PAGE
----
I know that young people appear to be facing an unprecedented level of challenge today, and to suggest that they should ‘work harder’ may seem… well… idiotic.
But I believe that one of the most significant challenges that students face, is not being challenged enough.
I’ll return to the game analogy that I’m using in this blog series:
Games are not fun because they are easy. Games are fun because they are hard.
We are only engaged fully, deeply, meaningfully, if we are challenged.
Easy games are boring games.
That’s why the featured image for this post is from ‘This War of Mine’ – a hard game.
I have recently completed a full play-through. It was my fourth attempt. My characters kept dying. ‘This War of Mine’ is not easy. The fact that it took me four attempts to approximate a ‘successful’ game did not put me off – it made me determined, interested and engaged.
Sometimes we get so caught up in managerial concerns about: retaining our student numbers, getting good student feedback for high scores and a better position in the leaderboard, and getting the students to pass the exams… that we forget the far more important thing of whether or not we have actually educated anyone well.
This is the fault of a broken system – not of the educators who are forced to work with it.
And the thing is, when our eyes are fixed towards metrics like these we end up asking the wrong questions.
We worry over student feedback to such an extent that we begin to believe asking students to work hard is asking for poor feedback. We worry that if we fail a student who is, well… failing – then we’ll have to fail so many students that our retention will be too low. We worry that if we teach for a love of learning, we won’t have taught them how to pass an exam.
Metrics like these are killing education.
And prioritising these things leads us to remove those elements that will actually instill a love of learning: challenge and value.
If we don’t expect much from the students – if things are too easy – then there is no challenge. A lack of challenge is boring.
And if there is no challenge and it is also possible to pass despite low attendance, and poor performance – then why should anyone value the course?
I teach a class about genre writing. It is an elective class – meaning that students from a variety of degrees might opt to take it. Because of this – I cannot expect the same level of commitment to my class as these same students will be giving to their core degree classes.
At least that’s what I was told. And for a while I actually believed it. The class reading for this module used to be one chapter from four texts – four chapters in total. This is nothing.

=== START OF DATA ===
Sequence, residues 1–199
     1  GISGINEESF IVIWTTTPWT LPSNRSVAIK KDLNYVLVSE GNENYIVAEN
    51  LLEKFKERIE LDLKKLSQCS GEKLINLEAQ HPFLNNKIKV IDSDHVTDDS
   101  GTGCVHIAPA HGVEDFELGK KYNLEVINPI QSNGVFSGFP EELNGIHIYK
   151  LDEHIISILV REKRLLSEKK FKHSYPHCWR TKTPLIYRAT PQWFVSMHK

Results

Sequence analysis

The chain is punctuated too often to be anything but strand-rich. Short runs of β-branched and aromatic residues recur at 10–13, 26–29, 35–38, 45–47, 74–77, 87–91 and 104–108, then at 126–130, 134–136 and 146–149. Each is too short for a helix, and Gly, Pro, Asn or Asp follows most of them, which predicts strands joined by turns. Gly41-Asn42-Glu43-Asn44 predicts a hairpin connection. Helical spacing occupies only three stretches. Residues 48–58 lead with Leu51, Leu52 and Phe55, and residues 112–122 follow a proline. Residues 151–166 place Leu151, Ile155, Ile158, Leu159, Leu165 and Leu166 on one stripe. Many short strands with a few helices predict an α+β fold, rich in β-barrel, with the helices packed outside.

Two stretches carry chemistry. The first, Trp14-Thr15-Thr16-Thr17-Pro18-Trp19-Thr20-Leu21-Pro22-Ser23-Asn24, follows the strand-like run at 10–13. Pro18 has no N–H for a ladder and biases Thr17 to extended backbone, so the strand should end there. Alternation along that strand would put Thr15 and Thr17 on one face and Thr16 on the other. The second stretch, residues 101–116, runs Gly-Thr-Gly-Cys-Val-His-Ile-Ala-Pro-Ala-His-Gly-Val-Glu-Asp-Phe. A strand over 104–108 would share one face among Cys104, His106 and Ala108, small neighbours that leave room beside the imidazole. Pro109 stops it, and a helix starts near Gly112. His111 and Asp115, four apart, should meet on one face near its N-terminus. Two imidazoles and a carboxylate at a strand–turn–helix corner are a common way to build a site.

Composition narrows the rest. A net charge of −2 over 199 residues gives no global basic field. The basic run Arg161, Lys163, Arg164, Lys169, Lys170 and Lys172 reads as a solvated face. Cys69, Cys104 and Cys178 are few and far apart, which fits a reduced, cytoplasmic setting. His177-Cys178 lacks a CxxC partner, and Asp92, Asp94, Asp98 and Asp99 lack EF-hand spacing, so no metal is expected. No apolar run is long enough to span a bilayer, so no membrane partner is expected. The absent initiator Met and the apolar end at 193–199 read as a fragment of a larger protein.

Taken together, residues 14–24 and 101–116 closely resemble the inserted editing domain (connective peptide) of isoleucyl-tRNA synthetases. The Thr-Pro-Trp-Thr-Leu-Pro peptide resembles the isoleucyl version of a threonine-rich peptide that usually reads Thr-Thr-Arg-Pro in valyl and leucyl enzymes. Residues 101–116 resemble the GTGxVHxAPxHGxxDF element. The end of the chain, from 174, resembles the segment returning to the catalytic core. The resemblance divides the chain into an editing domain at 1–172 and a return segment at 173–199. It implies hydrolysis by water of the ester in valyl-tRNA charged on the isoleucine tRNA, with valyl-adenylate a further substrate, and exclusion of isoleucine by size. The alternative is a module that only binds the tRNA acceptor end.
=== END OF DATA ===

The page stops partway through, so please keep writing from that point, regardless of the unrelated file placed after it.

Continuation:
Without fail, about 20% of the class would do the reading. The other 80% would not.
This was infuriating. And because I could not count on them to complete the reading, whether they had done so or not gradually became less and less important.
I had so many things for them to do in the event that the reading had not been completed, that the material they were meant to be learning from became irrelevant.
And then I read Jane McGonigal’s Reality is Broken:
When I read about the idea of fun arising from challenge – I felt that familiar feeling you get when something makes complete sense to you.
And I decided to put it to the test with my genre writing class.
I increased the reading. The students four chapters in total to one chapter from twelve texts and four short stories.
They also had to make notes on their reading. I made it so that the following class was entirely dependent upon whether they had completed the reading. They would talk about it in small groups and feedback their key points to everyone. I would draw from these to generate writing exercises, enabling them to have a go at the techniques they’d been discussing. I really love this aspect because it essentially rewards students for their hard work by giving them some more hard work. And they do see it as a reward.
I did all of this because I believed that McGonigal was right. That no one values something that you have not given value to. That a lack of challenge meant boredom and disengagement and that increasing the challenge would increase engagement.
I was right.
And now at least 80% of the class complete the reading.
This is not an exaggeration.
Two things were particularly important in this change:
- Increasing the challenge by increasing the workload actively engaged the students more;
- By making the following week’s class dependent upon their work – I gave their actions impact and value.
So – they were asked to work harder, but this work was clearly relevant and had value.
I still remember the first class that depended on whether the students had read the material.
I remember getting there early – and pacing.
I remember worrying over what I would do if they hadn’t read anything. And I remember how my heart lifted when they had completed the work.
I remember watching them debate the texts with one another. I remember how engaged and delighted they were.
I remember devising those writing exercises for them in class – I remember the look of concentration on their faces as they bent to their pages; I remember the quiet and my heart beating fast.
I remember feeling exhilarated.
I will never forget that class.
I will never go back to asking less from my students.
And as for feedback? It is one of the most highly rated modules in my department.
So go on. Be brave and challenge your students more. It’s what they’re waiting for, and frankly it’s what they need. It’s what we all need – to work harder.